Care & Repair Awareness week….

a number of local events have taken place this week in Newport to mark Care & Repair Week in Wales. An information stand at the local Sainsbury’s supermarket in Shaftsbury attracted many visitors.  They were provided with general information on the services available locally, together with crucial information for those who may be worried about the presence of carbon monoxide in their homes. Karen and Josie from Care & Repair were on hand to answer any queries, and a number of home visits were scheduled for people to receive a ‘Healthy Homes Check’ over the coming weeks.

A visit to the stand was made by Councillor Paul Cockeram, Newport City Council Cabinet Member for Social Care & Wellbeing, who subsequently visited a client and her daughter in the Brynglas.  He was able to see how Care & Repair had made a real difference to their lives by carrying out various minor and major adaptations. They praised the professionalism and kindness shown by the Care & Repair team over several years. Councillor Cockeram saw how the work had played a major part in maintaining independence, and gained an understanding of the challenges the Agency face when seeking funding for essential work in the homes of those in need.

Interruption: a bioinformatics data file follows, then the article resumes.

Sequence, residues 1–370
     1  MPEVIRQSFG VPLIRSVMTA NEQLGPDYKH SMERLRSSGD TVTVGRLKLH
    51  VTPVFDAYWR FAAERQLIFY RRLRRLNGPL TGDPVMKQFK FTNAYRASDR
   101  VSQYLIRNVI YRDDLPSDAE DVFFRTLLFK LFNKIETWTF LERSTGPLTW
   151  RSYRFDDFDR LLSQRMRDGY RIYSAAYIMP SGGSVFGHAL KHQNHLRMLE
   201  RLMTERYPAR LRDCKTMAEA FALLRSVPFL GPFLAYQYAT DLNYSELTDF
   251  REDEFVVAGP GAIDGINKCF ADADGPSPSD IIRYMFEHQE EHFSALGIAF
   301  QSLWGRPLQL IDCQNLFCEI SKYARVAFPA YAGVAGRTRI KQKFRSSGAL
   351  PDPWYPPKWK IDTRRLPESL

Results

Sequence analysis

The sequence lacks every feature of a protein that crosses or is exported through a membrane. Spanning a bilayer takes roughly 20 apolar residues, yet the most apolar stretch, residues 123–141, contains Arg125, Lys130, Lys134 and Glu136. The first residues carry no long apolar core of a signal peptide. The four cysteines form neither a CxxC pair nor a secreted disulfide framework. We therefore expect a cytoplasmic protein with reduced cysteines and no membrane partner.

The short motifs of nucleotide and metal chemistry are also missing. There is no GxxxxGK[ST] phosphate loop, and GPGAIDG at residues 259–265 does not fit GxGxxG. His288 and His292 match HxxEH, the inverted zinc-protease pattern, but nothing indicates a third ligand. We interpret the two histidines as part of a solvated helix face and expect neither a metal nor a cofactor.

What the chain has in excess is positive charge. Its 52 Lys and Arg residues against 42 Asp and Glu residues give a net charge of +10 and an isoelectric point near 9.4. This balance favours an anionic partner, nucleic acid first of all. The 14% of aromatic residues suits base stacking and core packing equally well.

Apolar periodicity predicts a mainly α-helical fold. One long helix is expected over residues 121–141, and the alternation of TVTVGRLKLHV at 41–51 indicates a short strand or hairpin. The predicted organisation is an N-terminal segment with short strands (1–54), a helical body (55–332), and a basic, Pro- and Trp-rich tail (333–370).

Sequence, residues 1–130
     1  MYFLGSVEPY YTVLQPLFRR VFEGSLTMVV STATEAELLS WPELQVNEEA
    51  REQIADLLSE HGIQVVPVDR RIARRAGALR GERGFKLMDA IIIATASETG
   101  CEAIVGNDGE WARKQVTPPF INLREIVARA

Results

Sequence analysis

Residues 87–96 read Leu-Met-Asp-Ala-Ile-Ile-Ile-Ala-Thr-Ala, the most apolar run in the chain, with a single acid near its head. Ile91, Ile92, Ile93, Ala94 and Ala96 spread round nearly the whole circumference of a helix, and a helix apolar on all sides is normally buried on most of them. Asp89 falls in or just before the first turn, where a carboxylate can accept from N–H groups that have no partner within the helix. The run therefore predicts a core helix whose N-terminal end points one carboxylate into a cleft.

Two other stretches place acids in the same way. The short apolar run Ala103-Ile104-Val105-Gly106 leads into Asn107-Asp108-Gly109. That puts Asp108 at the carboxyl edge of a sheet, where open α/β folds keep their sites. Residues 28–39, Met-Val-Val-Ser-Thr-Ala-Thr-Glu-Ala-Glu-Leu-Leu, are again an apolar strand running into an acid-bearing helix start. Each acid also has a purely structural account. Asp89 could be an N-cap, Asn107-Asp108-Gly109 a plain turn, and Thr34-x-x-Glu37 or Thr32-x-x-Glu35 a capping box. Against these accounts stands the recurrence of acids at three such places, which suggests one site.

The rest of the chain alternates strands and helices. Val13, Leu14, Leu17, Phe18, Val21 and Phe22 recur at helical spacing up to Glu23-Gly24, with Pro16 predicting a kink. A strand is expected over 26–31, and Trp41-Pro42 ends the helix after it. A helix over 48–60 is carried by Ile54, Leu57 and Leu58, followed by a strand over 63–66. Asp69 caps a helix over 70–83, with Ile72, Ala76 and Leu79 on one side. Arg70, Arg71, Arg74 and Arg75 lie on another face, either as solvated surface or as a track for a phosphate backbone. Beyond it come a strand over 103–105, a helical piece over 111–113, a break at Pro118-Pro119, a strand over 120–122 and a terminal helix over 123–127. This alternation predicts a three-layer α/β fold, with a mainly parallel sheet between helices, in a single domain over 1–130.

The Agency also provided a training session for the Older Adult Mental Health Team (OAMHT) at St Cadoc’s Hospital, Caerleon, bringing them up to date with all of the services on offer and the appropriate referral channels to utilise. This OAMHT team is becoming a more frequent referrer to Care & Repair, especially where mental health issues, such as depression and dementia, have led to a decline in the home environment.   Venetia Kinnafick, professional lead occupational therapist for the OAMHT, commented that the session was ‘Hugely beneficial, as Care & Repair play a significant role in supporting vulnerable people in our community’.

The above session followed a Health event attended by members of the Care & Repair team where discussion took place around a range of equipment useful for people who have dementia, such as signage (clear colourful signs that are easy for people who have dementia to read), reminiscence and activities equipment, memory aids, and fixed/non fixed contrasting coloured toileting equipment such as grab rails and raised toilet seats. The Agency will continue to liaise with the Health Board to establish if there are areas of unmet need, for example, with regard to fitting of the above items.


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